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Maria Salvadore

Reading Rockets' children's literature expert, Maria Salvadore, brings you into her world as she explores the best ways to use kids' books both inside — and outside — of the classroom.

Smart school librarian shortstops summer slide

June 21, 2012

When I gave some advanced reading copies of books to a particularly astute school librarian friend, she used them in a way that just might help these children avoid the dreaded "summer slide" which happens when children don't read during non-school months.

She asked 3rd, 4th, and 5th graders to examine the books and decide as a group which was their top choice. l had visited earlier in the school year, talking with the students about the awards process — specifically about the Caldecott.

My friend used the books and the awards process to put children in a position of authority. They became reviewers of books that hadn't been formally released. She reports that: "This was a very good experience for the students. I had them making their selection by choosing the book they thought was best [using the Caldecott criteria]. A lot of interesting discussion was generated and the students were very engaged. They enjoyed [it] and it gave them the opportunity to feel that they had something at stake in the evaluations they made of the books, so they took it more to heart."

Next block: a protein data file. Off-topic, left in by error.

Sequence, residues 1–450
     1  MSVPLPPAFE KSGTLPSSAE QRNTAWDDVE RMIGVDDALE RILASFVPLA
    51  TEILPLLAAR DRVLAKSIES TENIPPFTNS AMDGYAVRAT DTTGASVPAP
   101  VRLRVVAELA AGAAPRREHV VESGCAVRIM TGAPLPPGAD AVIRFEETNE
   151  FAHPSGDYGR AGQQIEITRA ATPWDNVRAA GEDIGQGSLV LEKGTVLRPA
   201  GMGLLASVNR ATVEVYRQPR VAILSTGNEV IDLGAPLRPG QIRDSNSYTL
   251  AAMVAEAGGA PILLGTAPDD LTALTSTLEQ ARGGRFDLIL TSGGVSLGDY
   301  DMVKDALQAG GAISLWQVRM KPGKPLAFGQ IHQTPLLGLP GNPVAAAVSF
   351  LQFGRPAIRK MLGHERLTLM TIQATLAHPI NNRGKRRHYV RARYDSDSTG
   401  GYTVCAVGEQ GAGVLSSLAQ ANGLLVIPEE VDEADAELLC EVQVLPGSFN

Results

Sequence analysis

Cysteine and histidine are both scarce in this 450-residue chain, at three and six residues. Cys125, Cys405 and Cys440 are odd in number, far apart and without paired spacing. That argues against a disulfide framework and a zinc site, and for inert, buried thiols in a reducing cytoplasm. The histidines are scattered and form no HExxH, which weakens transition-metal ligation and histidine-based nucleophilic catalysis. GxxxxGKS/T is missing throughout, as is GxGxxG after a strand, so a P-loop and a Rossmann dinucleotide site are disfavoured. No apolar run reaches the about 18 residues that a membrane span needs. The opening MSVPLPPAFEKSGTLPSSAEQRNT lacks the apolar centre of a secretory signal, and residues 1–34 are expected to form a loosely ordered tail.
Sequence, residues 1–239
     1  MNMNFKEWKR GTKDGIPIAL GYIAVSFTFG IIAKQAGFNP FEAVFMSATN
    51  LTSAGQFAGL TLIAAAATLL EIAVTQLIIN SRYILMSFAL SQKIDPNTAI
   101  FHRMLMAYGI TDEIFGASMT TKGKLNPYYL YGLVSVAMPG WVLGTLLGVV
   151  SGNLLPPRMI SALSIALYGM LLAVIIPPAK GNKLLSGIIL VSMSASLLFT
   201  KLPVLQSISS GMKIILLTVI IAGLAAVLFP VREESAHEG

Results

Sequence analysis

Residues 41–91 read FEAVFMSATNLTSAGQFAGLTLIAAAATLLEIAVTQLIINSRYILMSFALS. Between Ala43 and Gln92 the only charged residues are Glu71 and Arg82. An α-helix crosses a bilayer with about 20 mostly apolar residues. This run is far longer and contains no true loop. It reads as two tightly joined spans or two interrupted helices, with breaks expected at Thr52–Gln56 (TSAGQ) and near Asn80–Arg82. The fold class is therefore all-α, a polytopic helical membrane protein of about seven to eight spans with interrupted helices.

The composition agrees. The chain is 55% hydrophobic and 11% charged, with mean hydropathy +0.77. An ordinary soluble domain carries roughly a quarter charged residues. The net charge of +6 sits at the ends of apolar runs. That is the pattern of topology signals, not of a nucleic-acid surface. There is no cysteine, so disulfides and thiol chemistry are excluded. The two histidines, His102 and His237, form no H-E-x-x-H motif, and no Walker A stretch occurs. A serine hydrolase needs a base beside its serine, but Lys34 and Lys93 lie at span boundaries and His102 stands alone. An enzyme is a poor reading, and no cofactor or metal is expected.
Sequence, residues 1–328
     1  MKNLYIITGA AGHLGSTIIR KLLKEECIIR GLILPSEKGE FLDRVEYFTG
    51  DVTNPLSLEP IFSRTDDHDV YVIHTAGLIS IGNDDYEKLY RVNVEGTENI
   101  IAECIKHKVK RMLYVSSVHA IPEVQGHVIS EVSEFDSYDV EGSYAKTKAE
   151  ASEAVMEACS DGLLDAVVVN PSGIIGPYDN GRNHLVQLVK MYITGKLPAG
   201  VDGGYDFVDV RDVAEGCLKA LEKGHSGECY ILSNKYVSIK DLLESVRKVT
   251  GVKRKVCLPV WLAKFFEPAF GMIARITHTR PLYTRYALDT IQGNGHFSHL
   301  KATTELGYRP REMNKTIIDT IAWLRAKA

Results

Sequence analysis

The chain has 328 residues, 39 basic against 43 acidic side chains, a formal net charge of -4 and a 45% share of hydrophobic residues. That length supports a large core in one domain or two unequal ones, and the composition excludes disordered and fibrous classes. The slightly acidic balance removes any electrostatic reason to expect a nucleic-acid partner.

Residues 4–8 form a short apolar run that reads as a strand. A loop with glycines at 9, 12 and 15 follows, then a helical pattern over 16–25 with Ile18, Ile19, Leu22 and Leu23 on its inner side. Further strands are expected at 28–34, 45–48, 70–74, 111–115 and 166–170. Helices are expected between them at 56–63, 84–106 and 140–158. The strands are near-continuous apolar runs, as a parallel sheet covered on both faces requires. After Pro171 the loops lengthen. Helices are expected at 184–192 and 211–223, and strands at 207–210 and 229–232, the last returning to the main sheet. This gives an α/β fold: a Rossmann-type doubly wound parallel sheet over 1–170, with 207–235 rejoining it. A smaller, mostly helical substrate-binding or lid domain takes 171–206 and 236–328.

Which books won?

A book about math concepts and friendship, Zero the Hero by Joan Holub, illustrated by Tom Lichtenheld (Holt) was a clear favorite. Zero proves his value to the other digits in this funny, sophisticated tale. It was the humor and visual elements of comic books that appealed.

It was probably humor that most attracted those who selected Piggy Bunny (Feiwel & Friends) by Rachel Vail, illustrated by Jeremy Tankard, a book about a pig who aspires to be the Easter Bunny.

The Obstinate Pen (Holt) by Frank W. Dormer is humorous, too. It's about a pen that tells the truth and does so quite stubbornly. Its offbeat illustrations engage because they were according to one young reviewer "funny." Her group also "thought the author really put [his] feelings into [them]" and that the pictures "express how each person in the story feels about the pen" (and the truth!).

The last book the students selected was Bird Talk: What Birds Are Saying and Why (Flash Point) by Lita Judge. They didn't specifically say why, but my guess is that the handsome presentation of information about birds — how they behave, what they do, and what it means — appeals both visually and in the informal text.

My friend has certainly gotten these young readers off to a good start for summer! I echo her hope that children find lots of fun as they continue to read this summer — and beyond.

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"To learn to read is to light a fire; every syllable that is spelled out is a spark." — Victor Hugo, Les Miserables